Preserving the Tongass
With both the environmental and economic tides turning against clear-cutting in the Tongass National Forest, two members of Congress have nonetheless written legislation to give up to 85,000 acres of prime forest land to an Alaska corporation, all but about 20,000 acres of it for clear-cutting.
FOR THE RECORD:
Tongass: An April 14 editorial said that a federal agreement with Alaska Natives had been put on hold over environmental concerns. It also implied that all of the lumbering land in the deal would be used for clear-cutting. In fact, the agreement was delayed for other reasons, and some of the land would be used for other kinds of lumbering activities. —
The bill by Sen. Lisa Murkowski and Rep. Don Young, both Republicans from Alaska, is as cynical as it is ill-timed. The company that would receive the land, Sealaska Corp., is owned by Alaska Natives; the giveaway would be part of a long-standing settlement that was never finalized because of environmental concerns. That makes it harder for Congress to say no; Native groups, which lost independence and valuable land after white settlers arrived, command sympathy among both conservatives and liberals. There’s also precedent for easing environmental rules for the indigenous people of Alaska, who already are permitted to continue their tradition of whale hunting for sustenance.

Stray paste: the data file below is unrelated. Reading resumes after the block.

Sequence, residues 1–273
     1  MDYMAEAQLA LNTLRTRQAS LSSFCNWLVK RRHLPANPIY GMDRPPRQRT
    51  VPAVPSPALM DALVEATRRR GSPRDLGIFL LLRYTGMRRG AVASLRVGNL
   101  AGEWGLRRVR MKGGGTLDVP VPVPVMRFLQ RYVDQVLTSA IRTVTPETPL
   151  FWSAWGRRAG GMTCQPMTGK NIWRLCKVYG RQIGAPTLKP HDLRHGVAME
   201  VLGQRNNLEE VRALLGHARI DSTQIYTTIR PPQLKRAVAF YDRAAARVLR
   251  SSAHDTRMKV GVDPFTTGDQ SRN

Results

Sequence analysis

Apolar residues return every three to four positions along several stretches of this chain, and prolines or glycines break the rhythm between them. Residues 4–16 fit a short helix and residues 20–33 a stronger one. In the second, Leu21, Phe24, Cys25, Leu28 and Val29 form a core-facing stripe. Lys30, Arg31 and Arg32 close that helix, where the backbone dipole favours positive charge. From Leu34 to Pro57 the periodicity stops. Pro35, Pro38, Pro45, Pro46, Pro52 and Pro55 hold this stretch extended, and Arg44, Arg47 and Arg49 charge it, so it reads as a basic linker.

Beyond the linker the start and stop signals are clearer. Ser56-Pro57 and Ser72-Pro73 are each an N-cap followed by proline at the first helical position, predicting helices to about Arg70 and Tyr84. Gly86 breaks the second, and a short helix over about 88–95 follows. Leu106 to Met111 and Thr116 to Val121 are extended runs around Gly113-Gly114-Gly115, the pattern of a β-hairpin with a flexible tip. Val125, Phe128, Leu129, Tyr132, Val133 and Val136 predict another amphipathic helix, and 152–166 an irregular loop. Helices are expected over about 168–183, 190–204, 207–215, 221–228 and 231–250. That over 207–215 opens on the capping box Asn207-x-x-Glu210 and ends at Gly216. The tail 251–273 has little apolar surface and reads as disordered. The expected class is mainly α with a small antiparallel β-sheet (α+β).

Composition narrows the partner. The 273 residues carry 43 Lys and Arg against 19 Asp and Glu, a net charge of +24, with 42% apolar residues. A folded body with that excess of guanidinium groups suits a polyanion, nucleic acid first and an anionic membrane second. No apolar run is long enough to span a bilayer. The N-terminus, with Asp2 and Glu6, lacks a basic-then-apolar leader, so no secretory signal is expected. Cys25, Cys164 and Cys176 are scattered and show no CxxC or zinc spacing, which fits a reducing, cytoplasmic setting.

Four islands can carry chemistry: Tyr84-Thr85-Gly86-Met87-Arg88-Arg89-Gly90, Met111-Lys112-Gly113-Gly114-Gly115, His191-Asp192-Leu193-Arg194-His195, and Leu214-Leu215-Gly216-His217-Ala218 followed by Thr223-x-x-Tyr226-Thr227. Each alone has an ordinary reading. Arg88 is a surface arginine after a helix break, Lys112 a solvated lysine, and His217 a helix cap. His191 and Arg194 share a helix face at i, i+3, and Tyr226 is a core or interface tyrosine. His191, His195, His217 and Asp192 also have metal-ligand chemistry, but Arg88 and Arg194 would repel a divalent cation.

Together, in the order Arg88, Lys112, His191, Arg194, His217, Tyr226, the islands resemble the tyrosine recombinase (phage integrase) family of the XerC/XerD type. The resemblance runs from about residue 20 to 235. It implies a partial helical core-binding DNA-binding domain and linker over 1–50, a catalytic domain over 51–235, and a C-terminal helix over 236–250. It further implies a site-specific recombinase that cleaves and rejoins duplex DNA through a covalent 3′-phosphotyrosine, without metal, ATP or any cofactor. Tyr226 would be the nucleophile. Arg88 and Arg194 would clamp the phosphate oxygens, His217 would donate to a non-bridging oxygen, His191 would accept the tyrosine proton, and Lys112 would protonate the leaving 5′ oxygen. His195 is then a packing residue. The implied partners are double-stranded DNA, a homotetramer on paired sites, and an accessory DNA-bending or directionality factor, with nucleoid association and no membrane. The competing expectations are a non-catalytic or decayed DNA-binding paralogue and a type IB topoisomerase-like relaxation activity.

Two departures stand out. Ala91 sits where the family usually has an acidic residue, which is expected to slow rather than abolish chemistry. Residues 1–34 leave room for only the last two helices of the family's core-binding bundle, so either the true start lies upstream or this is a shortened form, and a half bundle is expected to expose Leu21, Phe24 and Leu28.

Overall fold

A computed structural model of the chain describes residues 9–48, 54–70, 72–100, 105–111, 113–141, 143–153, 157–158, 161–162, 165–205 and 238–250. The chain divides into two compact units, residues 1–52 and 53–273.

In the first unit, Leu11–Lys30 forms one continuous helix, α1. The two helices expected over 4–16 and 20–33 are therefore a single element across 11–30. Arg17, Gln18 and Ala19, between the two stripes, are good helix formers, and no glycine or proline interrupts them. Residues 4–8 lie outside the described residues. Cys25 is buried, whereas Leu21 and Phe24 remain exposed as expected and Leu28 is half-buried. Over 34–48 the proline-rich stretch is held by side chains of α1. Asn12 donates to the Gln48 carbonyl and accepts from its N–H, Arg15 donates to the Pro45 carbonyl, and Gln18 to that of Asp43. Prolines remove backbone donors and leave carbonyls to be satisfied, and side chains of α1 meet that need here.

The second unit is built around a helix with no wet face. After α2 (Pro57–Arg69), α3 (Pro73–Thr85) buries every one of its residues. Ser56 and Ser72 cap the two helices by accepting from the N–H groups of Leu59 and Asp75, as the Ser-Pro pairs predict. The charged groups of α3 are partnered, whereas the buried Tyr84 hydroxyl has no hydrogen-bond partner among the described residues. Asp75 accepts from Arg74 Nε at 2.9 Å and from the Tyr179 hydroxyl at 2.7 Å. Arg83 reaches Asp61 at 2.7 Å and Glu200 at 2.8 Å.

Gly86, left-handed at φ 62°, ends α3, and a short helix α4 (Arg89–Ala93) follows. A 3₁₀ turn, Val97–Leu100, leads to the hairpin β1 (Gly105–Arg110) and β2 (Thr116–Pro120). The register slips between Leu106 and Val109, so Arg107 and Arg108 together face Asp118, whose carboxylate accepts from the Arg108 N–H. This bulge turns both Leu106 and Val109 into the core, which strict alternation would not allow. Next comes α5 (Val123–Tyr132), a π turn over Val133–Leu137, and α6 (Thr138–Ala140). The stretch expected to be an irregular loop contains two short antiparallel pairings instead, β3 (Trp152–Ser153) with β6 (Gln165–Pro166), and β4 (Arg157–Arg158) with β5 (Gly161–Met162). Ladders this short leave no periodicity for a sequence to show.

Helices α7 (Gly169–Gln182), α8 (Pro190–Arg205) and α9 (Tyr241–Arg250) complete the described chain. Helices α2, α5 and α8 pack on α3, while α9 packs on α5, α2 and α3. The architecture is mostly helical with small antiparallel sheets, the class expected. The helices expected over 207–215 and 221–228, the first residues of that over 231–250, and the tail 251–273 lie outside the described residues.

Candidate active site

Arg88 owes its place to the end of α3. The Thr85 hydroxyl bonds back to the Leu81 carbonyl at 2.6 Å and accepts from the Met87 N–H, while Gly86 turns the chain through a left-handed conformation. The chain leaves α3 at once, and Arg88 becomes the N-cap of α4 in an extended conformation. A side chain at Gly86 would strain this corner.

Even so, Congress should reject this latest attempt to open the Tongass to large-scale logging. Native tribes aren’t bound by federal environmental regulations governing the lumber industry, and the land involved is particularly sensitive habitat for deer and other wildlife. The last part of the agreement was put on hold during the 1990s after the rapid, wide-scale destruction of areas of the forest by tribal corporations.
A lot has changed since the agreement was first forged with Alaska Natives nearly 40 years ago. Global warming has forced us to confront the damage caused by deforestation. It makes little sense for the U.S. government to pressure Brazil to preserve the Amazon rain forest while allowing logging on tens of thousands of acres of prime habitat in the Tongass, the world’s largest intact temperate rain forest.
The economy of southeast Alaska has changed as well. The timber industry is shrinking because of global competition; tourism is the new jobs generator. That’s something that Pacific Log & Lumber, one of the biggest logging companies left in the region, discovered in recent years. The company’s owner is smartly retooling to build tourism projects in the Tongass, contract with the government for habitat restoration and do limited second-growth logging.
Allowing the clear-cutting of an estimated 65,000 acres or more in the Tongass would perpetuate years of failed land management in which the government has subsidized the destruction of forests. It also would set a dangerous precedent for privatizing a national forest and allowing yet more drastic cutting. Native tribes might well be owed concessions by the federal government, but not at the cost of a treasured public resource.